April 15, 2020 - I woke up in pain on my right hand side. It felt like I had been working out the day before and that was definitely not the case. I was in full lockdown due to the pandemic consuming too much fresh baked bread, both my waxing salons were shut down and my plans to travel with my new skincare line, Bryght, was a distant dream.
I was young, healthy and have never had issues with my health. I expected it to be a cyst or swollen gland. Knowing my body well is what I truly believe saved my life. I knew the lump in my right breast was foreign and didn't belong in my once smooth breast. I acted immediately and contacted my doctor who prescribed me antibiotics and everyone (including myself) couldn't imagine it could be breast cancer. "You're still so young," I would often hear as I had just turned 40.
Everything happened very quickly; from the mammogram, ultrasound, biopsy and then the dreaded results. It has now been 1 year since I found that lump; the lump that turned my world upside down completely.
After 20 weeks of chemotherapy, a lumpectomy surgery and 24 straight days of intense radiation, my treatment was finally over. I saw familiar pieces of my previous life, but nothing seemed to make sense anymore. My security, peace of mind and normalcy was gone. When I started chemotherapy I thought it was the hardest thing I was going to go through. When I had my surgery, I thought that would be the hardest part and when I started radiation I thought, "Oh this is the one that I won't be able to get through." Well I did, I got through all of it. Don't get me wrong, none of this was a cake walk, but the one thing I didn't actually realize was I was about to go through the hardest part.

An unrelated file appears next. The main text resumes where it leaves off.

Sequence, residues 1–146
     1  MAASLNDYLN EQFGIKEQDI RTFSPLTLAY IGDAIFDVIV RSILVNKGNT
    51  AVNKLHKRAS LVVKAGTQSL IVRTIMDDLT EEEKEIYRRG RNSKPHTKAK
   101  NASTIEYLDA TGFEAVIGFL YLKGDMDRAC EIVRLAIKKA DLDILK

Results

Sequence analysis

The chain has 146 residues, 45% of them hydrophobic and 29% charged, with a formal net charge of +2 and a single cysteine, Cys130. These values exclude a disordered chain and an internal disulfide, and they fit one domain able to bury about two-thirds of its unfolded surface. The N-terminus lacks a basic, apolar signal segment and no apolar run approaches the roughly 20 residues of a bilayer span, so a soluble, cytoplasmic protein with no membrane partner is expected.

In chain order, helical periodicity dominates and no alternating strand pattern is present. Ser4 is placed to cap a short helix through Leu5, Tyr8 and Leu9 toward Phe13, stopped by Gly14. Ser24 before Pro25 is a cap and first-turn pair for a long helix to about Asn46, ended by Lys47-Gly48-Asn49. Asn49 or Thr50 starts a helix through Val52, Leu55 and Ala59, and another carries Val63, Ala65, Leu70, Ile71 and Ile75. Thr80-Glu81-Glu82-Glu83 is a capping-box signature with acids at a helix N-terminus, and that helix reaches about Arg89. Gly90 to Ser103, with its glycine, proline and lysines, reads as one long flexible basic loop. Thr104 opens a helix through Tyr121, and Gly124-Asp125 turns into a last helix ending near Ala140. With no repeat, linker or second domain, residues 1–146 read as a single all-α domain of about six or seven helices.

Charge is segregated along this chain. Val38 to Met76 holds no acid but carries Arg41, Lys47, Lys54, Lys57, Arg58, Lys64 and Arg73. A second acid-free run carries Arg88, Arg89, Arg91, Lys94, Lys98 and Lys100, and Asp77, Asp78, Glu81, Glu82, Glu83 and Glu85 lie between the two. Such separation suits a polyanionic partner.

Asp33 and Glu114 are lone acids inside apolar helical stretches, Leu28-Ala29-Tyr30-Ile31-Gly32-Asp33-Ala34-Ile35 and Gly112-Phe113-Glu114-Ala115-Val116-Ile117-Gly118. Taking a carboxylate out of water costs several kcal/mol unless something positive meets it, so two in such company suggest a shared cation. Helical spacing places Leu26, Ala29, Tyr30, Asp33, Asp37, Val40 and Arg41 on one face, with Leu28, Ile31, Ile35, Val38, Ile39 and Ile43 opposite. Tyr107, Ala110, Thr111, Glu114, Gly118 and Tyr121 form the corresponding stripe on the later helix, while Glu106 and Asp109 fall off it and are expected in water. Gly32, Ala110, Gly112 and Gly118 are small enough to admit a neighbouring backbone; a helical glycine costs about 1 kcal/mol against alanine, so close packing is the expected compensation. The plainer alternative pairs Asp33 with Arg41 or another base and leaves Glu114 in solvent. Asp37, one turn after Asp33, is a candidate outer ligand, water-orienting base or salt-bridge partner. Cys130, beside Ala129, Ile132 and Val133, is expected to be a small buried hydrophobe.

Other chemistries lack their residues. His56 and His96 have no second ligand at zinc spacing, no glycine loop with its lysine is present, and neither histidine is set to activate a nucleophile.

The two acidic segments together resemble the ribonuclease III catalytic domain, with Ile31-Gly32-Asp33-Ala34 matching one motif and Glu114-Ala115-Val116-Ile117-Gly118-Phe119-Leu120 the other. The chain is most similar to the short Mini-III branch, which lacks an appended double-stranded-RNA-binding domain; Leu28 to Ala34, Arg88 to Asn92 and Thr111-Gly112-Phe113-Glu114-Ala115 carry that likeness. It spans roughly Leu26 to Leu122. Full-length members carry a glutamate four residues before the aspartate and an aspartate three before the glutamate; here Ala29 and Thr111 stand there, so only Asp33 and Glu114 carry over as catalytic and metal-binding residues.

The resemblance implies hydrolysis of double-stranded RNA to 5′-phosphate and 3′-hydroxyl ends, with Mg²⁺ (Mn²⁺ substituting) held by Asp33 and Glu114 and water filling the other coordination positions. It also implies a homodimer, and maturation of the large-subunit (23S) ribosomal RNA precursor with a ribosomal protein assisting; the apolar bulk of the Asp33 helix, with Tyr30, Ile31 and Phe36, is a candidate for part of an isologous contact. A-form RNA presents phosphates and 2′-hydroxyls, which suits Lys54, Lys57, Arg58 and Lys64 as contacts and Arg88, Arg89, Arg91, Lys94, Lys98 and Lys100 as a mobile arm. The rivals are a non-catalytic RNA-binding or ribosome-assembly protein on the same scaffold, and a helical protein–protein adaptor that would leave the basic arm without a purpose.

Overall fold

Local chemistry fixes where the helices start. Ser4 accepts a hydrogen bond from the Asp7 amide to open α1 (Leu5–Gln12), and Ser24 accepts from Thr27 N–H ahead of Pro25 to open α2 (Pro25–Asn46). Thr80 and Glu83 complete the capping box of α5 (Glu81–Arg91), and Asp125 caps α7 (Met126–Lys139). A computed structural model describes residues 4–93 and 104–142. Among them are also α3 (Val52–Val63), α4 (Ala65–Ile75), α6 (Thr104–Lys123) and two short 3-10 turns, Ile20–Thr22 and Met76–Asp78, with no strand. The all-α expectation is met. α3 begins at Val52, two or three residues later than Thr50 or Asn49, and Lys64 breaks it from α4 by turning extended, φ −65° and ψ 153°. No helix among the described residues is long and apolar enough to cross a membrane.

The hardest part has been rebuilding my life, my body and my new mindset. After all, my treatment had ended and I was left with a feeling of "what now?" Every morning for 8 months my job was to get up each day and fight for my life. The days were filled with doctor appointments, pills, injections, blood work, needles, hot flashes and so much more. So, what now?
My mind and body were hit with the shock of emotional distress of what I had been through. Each night I lay in bed and feel my breasts and every little lump sends me down a rabbit hole of "is it back?" I have a hard time accepting that I can no longer do a level 5 on the stair climber for 20 min while holding a conversation and that my body feels worn down, beat and exhausted. My mind is still foggy from all the chemotherapy. Yes, chemo brain is a real thing.
It's hard to admit the darkness and loneliness that comes with being a cancer warrior. Even with the best support system at home and at work, it's still a lonely place. I am often told "you are so strong, you are so brave and positive, a true inspiration." Yes, I am all of those things, but let's be honest. I have lived hell on earth, I have fought a war and sometimes I don't want to be any of those things, because being those things are harder than you can even imagine.